China’s overpopulated environment may promote an attitude of “every man for himself” but that is no excuse for the selfishness and utter lack of common decency that I witness almost every day on my way to and from work. While many such social problems may slowly fade away with China’s continued development, I fear that this particular issue needs special attention. Chinese women need to stop treating the men here like royalty and demand that they ‘wake up’ and pay attention to what is going on around them. Chinese men, for their part, need to stop acting as if they are the only ones who exist in China. China owes a great debt of gratitude to the elderly who have helped to bring China out of those dark years of oppression and starvation. Pregnant women deserve respect and special consideration because they are carrying the bright future of China. The least that men can do is to give these people a ‘lousy’ seat on a bus or train. Maybe someday, Chinese men might be willing to give up their seat for any woman who is standing.

So stand up Chinese men and be real men. Give your seats to those who need them and show us that you can be gentlemen.

53 Responses to Are There Any Gentlemen in China?

  1. FraterConcoctopus says:

    Ok, ‘Twinmaster’ was obviously hammered while writing his/her/its post. Dude, next time wait for it to sound the same in the cold hungover light of stale-yellow dawn, because it won’t. Even cutting yourself to get rid of whatever it is would be (slightly) less embarrassing.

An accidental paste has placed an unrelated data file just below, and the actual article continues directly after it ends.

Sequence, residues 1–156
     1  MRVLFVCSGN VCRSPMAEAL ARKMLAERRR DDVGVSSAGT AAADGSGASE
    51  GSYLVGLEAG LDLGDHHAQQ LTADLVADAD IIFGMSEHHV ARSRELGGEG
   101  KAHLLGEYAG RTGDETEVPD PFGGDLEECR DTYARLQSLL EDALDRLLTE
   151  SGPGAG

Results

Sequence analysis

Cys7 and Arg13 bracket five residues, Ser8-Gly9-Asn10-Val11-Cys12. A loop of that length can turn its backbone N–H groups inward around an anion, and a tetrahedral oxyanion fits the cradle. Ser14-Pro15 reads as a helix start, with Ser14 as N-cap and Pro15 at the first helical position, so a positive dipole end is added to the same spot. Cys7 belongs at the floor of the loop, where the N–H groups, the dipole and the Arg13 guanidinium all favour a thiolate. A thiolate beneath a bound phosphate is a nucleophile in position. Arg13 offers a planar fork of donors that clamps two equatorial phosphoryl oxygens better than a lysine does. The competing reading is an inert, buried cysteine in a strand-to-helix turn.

Also cheers to Vance for starting discussions like this anyway. Sorry if I was too sarcastic in my first post.

    ‘Stick out your tongue; I fear it looks grey!/
    Has Frater Concoctopus blessed you today?’

    [Reply]

  2. FraterConcoctopus says:

    What a load of bollocks… The Western ‘gentleman’ myth is based on the phenomenon of women placed on a pedestal due to their ‘purity’ and perceived weakness compared to men, and ultimately reduced to ornaments too pretty and impractical to do things like open doors for themselves. It’s Western patriarchy pretending to be magnanimous and considerate while actually being condescending. All old hat by now in gender politics, which is probably what you’re trying to talk about somehow. Chinese men will never give up their seat for a woman because she is a woman – in the past she had to ‘stand’ for that very reason(ancient Chinese sexism having been more honest than in the West), and since the gender-equal Marxist social reforms she’s just another citizen perfectly capable of shouldering her way into her own seat. The shouldering itself is a symptom of overpopulation, and I would also like to see it disappear, but not selectively along gender lines. The reason the Chinese guy at the beginning of your story ‘turned red’ and relented was because the woman you gave it to was older, and the elderly used to be treated specially here. And maybe one day everyone will be again as generous, but then it will be because of physical condition (age or pregnancy) and a result of a government reculturing campaign (rather than the unlikely adoption of the already obsolete Western ‘chivalry’ the lack of which in China you seem to think represents a ‘social problem.’

    Also, the one-child policy was introduced in 1979, and therefore only accounts for the behaviour of Chinese men in their twenties. The rest are just displaying the effects of the cultural near-vacuum created by the Cultural Revolution.

    I suppose sometimes not even living in a foreign country helps dispel people’s unawareness of their own cultural assumptions. Bummer.

    [Reply]